Though it doesn’t come under the common money management plan, it is advisable to have some kind of accountability so that you don’t go all in with your emotions.
This method will prevent you from losing your entire capital.
E.g., You can inform your friends or family to track the trades and stop you when you lose x amount of money. Having a mentor always helps.
The main part of risk management is planning your risk reward ratio.
For example, if your risk-reward ratio is 1:2, your profit level should always be twice the stop loss level.
If it is 1:4, profit = 4*stop loss. You get the point.
So plan the ratio according to your strategy and stick to it.
This is one of the main rules that will keep you profitable overall.
While planning your strategy, you should always look for a SWOT analysis. Make note of all your opportunities, threats, strengths, and weaknesses.
If you have been tracking the market for a long time, you will likely know what are the opportunities present and when you can make use of them.
For example, news like earnings release can create an opportunity for swing and option buyers, global market fall can create an opportunity for option traders, etc.
You can also make use of seasonal stocks, high momentum stocks.
Though these can be used by all kinds of traders, if something is suitable for you based on your preference and capital, you can plan and watch out for these cues.
Threats can be the opposite of opportunities. i.e., if you are a call option seller, earning release can be a threat to you if the result is positive. So note it down on your planner and always keep an eye out for your threats.
Weaknesses can be from the strategy as well as your emotions.
Note down the cons of your strategy. e.g., doesn’t work in a bearish market, etc.
The most important thing is to note down your weaknesses like your personality traits or situations which can prevent you from being at your best while trading. e.g., Easily stressed, no patience, no free time, etc.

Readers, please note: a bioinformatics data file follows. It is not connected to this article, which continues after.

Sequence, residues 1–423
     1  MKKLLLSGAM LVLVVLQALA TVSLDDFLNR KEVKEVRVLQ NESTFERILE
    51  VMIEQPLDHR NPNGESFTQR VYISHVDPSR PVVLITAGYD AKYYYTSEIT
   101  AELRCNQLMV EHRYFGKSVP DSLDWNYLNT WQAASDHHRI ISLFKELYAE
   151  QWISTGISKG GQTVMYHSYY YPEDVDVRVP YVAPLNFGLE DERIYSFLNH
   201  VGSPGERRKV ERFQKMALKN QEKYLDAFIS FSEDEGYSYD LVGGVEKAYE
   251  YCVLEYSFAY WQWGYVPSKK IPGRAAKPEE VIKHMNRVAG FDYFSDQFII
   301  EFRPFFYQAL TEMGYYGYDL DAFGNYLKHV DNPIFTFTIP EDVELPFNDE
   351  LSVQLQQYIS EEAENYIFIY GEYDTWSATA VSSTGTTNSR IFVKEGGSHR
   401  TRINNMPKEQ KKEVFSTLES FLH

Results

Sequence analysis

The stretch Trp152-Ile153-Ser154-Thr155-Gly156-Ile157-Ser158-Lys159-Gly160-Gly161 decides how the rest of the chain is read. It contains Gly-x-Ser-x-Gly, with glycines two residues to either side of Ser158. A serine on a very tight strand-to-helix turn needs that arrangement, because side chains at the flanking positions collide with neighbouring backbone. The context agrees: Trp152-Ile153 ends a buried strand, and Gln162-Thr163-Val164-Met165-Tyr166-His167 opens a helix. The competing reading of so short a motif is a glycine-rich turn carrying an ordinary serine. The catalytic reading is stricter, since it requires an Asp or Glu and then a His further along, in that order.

This will eventually help you come up with solutions for your problems.
Strengths can be based on the strategy and your personality. E.g., Strategy works in a range-bound market, I am emotionally resilient and have a high level of patience.
Noting this down in your planner will help you remind yourself of your strengths when you lose your hope, and you will always strive to maintain and improve your strengths.
Note down the asset you are trading for that particular strategy. You can create multiple plans for each asset. But try to keep it a minimum of 1 -3. Assets can be stocks, cryptocurrencies, commodities, currencies, derivatives like futures and options, etc.
Create a name for your strategy so that it will be easier for you to link and refer back to it in the future.
A name can contain anything you want.
For example, I would name my strategy like indications+style of trading. e.g., Price action day trading, MACD swing trading, etc.
You can also add assets but keep it short. stock price day trading, options MACD swing trading.
Here, write whether you are using indicators, price action, or both. You can also quickly enter your criteria like stock selection, entry, and exit criteria. E.g., 20-50 ema cross. It means that this is your criteria for your stock selection, entry, stop loss, and target.
Style of trading
Note down your style of trading. Whether it is day trading, scalping, swing, or positional trading.
Analysis & Review
Plan what, when, and where you will do your pre-trade analysis and post-trade reviews. You can mention whether you will do it weekly, monthly, or daily, what factors you will analyze and review and create a link to your analysis and review pages.
Time to spend
Plan how much time you will spend for trading. It depends upon your style of trading. e.g., 1 hour per day, 1 hour per week, etc.
When it comes to emotional management, you should be very careful and strict as it is the single most factor that will keep you in the market for a long time.
Write down how you will manage your emotions during trading. e.g., Meditation, breathing, workouts, journaling, etc. This is very important, and you should practice this regularly to avoid emotional trades.
Decide how you will motivate yourself when you are on a losing streak. e.g., affirmations, success tips from experts, etc. This period is inevitable and you will need it someday.